Hi @sgchris !
I am doing research on selectors just as a refresher, and to see if there is any new revelations and it does seem that there isn’t a lot of information floating around, so you’re the lucky customer that gets the experience and knowledge I have accumulated over the last couple years, dropped into your thread. I just think it’s a good place to put it because I am a HUGE fan of the term ‘Best Practice’ and I think that selectors Best Practices are still coming together, so here’s what I know works:
Let’s start here and I think it will illuminate why there is such sparse information about the subject: Asking how to get a really good selector, is like asking the internet what to get your girlfriend or boyfriend as an anniversary gift. Everyone is different, so you have to be a little investigative in your choices and understand that it’s not a perfect science, picking a selector but you can get a good sense of what works by looking at the site holistically and trying to get a sense of the Web Developers architecture. I’ll go into how to get a click 100% of the time shortly, but let me explain the genealogy of a selector.
When you develop a website, you have the same freedom that someone developing an RPA has. You have multiple ways to get to the same place and so you have a variety of ways that a website can be built, and you have the freedom to name your parts and pieces and areas and buttons as you please, but a good selector digs deep into the descriptors or directions. You’re giving your RPA step by step directions on what to find and click in that confusing code that makes up that site, including what you want to click. Let’s say in hierarchy order, Application; website; body or title etc; css table or chart or area; element of that table; button named ‘Submit’. That’s a great selector because it goes all the way to where you are going from where you are starting with a full map of what’s going on.
Best case scenario you don’t ever want to have to use a click, so if you MUST, then it better work all the time. It can be the single point of failure that makes an RPA that’s otherwise perfect, into something you don’t feel confident will work for years to come without you babysitting. You should be able to confidently walk away from an RPA you’ve developed and know it can handle you being gone. I’ve gone so far as to learn VBA so I can manipulate VB objects in an Excel file just to avoid using a click, because they are like OCR. Near perfect, but it can geek out sometimes.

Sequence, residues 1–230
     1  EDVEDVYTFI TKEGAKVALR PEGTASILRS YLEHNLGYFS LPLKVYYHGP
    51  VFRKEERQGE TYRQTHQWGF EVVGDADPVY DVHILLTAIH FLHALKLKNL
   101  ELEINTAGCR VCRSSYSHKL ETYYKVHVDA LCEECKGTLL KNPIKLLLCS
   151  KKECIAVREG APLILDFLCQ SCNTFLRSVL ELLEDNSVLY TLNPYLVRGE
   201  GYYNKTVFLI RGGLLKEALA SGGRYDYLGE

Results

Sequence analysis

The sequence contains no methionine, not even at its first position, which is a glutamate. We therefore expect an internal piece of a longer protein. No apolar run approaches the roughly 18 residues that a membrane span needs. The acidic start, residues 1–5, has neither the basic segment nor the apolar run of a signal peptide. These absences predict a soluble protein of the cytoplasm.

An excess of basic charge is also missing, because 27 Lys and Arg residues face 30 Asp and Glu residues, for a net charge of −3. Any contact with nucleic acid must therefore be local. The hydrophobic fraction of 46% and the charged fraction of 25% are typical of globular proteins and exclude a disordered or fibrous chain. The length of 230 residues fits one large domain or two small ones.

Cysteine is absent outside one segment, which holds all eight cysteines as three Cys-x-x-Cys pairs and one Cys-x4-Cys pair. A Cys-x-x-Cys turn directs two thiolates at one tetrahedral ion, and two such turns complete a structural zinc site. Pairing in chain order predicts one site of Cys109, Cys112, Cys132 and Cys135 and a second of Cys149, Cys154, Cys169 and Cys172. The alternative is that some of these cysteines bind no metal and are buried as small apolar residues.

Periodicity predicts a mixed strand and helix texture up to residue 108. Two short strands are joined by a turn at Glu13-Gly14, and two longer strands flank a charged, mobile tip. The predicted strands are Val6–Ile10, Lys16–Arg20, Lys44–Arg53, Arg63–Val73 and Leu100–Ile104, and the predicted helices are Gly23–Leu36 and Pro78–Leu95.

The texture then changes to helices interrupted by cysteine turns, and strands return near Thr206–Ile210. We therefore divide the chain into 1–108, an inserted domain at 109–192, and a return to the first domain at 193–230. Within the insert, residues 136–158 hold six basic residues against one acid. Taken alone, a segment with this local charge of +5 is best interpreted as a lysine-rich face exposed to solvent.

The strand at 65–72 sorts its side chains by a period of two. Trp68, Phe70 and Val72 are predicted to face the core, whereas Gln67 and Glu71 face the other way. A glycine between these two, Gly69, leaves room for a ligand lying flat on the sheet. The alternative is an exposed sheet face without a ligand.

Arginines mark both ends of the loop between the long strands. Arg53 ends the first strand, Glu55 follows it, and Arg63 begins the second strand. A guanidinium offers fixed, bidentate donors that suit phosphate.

The BEST way to get your mouse to click on what you want and to avoid ever missing a click is to use checks and balances to that click. Selectors are by no means, the be-all end-all so you DEFINITELY want to use an anchor for what you are clicking if it’s possible. It’s like pointing in the general direction of the click in addition to the directions you give with the selector. It’s like looking where you are going to throw. You can even give it a hint that the Anchor is to the left or right of what you want it to look for. You’ll have much more success with this working with your click.
You can and really should also include backups, so after you tell it to click, tell that click activity to continue on error, and after that you can have an “If” activity that checks to see if an image exists; the image of the button that was supposed to be clicked!! If it does exist, and your click failed it’s 1 job, then throw in another click, or even a parallel ‘click image’ with the click that has selectors to set UiPath in a race to click the image first. This may sound a bit like overkill BUT, RPA is about eliminating error, and if your RPA is experiencing errors, you’re doing it wrong so I commend you on not being satisfied with 80% and looking for better. You really do want 100%.
Remember that you can also use keystrokes, like Tabbing 20 times in a row to get where you want is definitely ok, but again, if someone adds a field and ruins that tab count, it will fail. So it is ok to use clicks, and you’ll learn as you use them what selectors are good, and ALWAYS use multiple angles and checks and re-checks when you are using clicks. There is no harm in checking to see if the button you wanted to click, got clicked, and if it didn’t, trying another angle.
Deep diving selectors, Anchors, If Image Exists with a Click image to follow and Parallel activities racing each other to that click are things that you have in your toolkit to make clicking a button in UiPath, reliable.
I hope this helps!!